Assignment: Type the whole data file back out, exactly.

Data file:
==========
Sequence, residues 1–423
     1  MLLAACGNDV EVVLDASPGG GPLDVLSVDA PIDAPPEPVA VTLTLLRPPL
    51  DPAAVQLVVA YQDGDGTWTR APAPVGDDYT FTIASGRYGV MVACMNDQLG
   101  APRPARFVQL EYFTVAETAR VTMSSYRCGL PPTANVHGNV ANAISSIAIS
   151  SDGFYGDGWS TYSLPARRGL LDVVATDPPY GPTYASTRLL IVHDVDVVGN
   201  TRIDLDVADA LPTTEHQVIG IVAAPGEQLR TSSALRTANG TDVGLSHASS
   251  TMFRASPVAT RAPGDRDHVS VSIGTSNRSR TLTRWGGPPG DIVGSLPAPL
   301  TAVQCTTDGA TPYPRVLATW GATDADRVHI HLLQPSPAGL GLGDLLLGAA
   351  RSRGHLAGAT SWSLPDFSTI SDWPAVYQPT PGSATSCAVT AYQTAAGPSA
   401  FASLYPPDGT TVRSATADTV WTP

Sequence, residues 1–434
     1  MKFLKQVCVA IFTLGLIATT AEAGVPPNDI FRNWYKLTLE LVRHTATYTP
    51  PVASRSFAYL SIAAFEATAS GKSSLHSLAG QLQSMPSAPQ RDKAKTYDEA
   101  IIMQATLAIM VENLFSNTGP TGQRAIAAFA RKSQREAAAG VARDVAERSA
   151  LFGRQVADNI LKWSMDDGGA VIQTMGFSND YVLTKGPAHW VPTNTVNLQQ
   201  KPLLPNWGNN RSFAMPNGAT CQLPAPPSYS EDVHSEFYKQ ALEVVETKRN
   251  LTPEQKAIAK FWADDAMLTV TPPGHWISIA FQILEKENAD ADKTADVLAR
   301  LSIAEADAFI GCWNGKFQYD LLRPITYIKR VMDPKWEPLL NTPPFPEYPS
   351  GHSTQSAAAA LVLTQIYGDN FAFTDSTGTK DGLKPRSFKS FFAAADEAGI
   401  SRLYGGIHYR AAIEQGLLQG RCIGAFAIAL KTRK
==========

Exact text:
Sequence, residues 1–423
     1  MLLAACGNDV EVVLDASPGG GPLDVLSVDA PIDAPPEPVA VTLTLLRPPL
    51  DPAAVQLVVA YQDGDGTWTR APAPVGDDYT FTIASGRYGV MVACMNDQLG
   101  APRPARFVQL EYFTVAETAR VTMSSYRCGL PPTANVHGNV ANAISSIAIS
   151  SDGFYGDGWS TYSLPARRGL LDVVATDPPY GPTYASTRLL IVHDVDVVGN
   201  TRIDLDVADA LPTTEHQVIG IVAAPGEQLR TSSALRTANG TDVGLSHASS
   251  TMFRASPVAT RAPGDRDHVS VSIGTSNRSR TLTRWGGPPG DIVGSLPAPL
   301  TAVQCTTDGA TPYPRVLATW GATDADRVHI HLLQPSPAGL GLGDLLLGAA
   351  RSRGHLAGAT SWSLPDFSTI SDWPAVYQPT PGSATSCAVT AYQTAAGPSA
   401  FASLYPPDGT TVRSATADTV WTP

Sequence, residues 1–434
     1  MKFLKQVCVA IFTLGLIATT AEAGVPPNDI FRNWYKLTLE LVRHTATYTP
    51  PVASRSFAYL SIAAFEATAS GKSSLHSLAG QLQSMPSAPQ RDKAKTYDEA
   101  IIMQATLAIM VENLFSNTGP TGQRAIAAFA RKSQREAAAG VARDVAERSA
   151  LFGRQVADNI LKWSMDDGGA VIQTMGFSND YVLTKGPAHW VPTNTVNLQQ
   201  KPLLPNWGNN RSFAMPNGAT CQLPAPPSYS EDVHSEFYKQ ALEVVETKRN
   251  LTPEQKAIAK FWADDAMLTV TPPGHWISIA FQILEKENAD ADKTADVLAR
   301  LSIAEADAFI GCWNGKFQYD LLRPITYIKR VMDPKWEPLL NTPPFPEYPS
   351  GHSTQSAAAA LVLTQIYGDN FAFTDSTGTK DGLKPRSFKS FFAAADEAGI
   401  SRLYGGIHYR AAIEQGLLQG RCIGAFAIAL KTRK